CHILDREN are being taught lessons in schools on how to avoid being attacked by seagulls following a spate of attacks in seaside towns.

The flying menaces have been causing misery across the UK – repeatedly targeting children and allegedly killing pets in their quest for food.

Frustrated council officials from Scarborough and Whitby have now decided enough is enough with the violence and are educating school children on how to avoid any confrontation with the birds.

Officials say they want to "improve the relationship between humans and gulls" and are sending staff into schools to help them understand their behaviour better.

Kids are being taught the gulls may get aggressive if they are on the lookout for food or protecting their young.

Jonathan Bramley, the council's environment and regulation manager, has been visiting local schools in the area armed with videos and cardboard cut outs.

He told the BBC: “We're reinforcing the message not to feed the gulls.”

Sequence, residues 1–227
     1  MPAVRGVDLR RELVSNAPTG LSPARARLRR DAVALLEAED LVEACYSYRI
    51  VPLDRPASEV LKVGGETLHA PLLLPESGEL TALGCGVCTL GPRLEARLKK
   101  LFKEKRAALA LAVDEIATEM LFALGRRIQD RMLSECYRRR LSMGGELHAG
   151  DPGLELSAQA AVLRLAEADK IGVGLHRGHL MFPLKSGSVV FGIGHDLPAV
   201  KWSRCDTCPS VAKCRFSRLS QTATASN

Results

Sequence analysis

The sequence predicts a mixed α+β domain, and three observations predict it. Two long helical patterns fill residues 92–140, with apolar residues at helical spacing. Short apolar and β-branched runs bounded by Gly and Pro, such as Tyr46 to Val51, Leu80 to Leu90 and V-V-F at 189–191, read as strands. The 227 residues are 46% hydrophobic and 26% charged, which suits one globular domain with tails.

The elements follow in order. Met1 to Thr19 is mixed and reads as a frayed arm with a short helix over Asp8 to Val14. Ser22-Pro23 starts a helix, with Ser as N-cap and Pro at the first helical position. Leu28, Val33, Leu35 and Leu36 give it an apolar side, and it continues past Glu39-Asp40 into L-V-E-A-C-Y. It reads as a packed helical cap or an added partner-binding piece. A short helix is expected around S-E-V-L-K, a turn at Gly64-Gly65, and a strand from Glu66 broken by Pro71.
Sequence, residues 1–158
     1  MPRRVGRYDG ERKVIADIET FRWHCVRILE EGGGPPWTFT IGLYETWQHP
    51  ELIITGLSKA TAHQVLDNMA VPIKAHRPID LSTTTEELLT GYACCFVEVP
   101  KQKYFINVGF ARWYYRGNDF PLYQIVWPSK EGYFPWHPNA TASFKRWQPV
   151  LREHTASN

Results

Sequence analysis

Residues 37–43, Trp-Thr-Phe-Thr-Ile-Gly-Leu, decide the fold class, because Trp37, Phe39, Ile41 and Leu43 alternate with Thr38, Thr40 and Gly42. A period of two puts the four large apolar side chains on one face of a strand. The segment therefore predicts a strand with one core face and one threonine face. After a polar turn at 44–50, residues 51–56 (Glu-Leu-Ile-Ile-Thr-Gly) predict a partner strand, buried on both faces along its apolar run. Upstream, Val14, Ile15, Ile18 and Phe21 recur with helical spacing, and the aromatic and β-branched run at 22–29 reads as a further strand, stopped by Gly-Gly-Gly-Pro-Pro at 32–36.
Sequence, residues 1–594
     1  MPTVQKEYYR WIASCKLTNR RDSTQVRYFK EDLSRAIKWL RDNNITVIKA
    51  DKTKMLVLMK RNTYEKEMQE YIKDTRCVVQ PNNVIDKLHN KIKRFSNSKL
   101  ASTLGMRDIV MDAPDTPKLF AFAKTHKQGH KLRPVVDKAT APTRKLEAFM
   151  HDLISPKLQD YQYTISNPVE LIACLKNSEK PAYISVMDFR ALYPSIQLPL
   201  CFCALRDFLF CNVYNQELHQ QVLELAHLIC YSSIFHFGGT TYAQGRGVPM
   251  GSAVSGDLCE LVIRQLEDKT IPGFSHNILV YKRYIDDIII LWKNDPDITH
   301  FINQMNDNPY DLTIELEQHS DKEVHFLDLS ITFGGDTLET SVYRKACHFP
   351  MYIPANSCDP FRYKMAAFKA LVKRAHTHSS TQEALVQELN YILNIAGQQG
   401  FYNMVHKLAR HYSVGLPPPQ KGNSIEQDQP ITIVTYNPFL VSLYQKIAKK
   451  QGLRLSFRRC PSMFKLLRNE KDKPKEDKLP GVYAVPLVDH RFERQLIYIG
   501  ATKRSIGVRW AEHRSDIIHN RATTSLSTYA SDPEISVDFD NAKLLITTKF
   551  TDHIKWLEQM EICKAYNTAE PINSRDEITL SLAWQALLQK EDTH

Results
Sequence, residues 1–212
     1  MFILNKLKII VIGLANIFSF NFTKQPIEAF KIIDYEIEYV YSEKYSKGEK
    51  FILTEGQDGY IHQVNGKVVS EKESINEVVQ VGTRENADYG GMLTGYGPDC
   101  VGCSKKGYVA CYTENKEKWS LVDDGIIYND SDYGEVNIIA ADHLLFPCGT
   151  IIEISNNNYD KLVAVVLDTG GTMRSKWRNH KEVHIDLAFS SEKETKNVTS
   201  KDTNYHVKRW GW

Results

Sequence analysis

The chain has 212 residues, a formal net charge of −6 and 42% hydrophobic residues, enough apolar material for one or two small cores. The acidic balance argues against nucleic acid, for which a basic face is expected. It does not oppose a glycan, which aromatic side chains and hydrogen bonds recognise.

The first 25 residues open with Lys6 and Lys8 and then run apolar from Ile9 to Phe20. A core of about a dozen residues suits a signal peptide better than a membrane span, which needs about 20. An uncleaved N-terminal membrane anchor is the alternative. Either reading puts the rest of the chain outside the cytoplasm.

In Scarborough and Whitby alone, reported attacks have risen from 36 in 2016 to 47 in 2018.

So far this year, there have been 23.

Earlier this month, The Sun reported how a two-year-old girl was attacked by gulls – just days after they killed the family’s pet.

Emily Vincent said her Yorkshire terrier Roo suffered a head wound and brain damage after the attack believed to have been caused by the birds protecting a nest.

But just 48 hours later the deadly gull gang struck again, leaving daughter Jessie with facial injuries.

And in July, the country was gripped by the story of Gizmo, a four-year-old Chihuahua from Paignton, who was snatched from his home by a seagull.

The Sun offered a reward of £5,000 in a bid to find the 5lb dog, but so far pleas for information for Gizmo’s return have gone unanswered.

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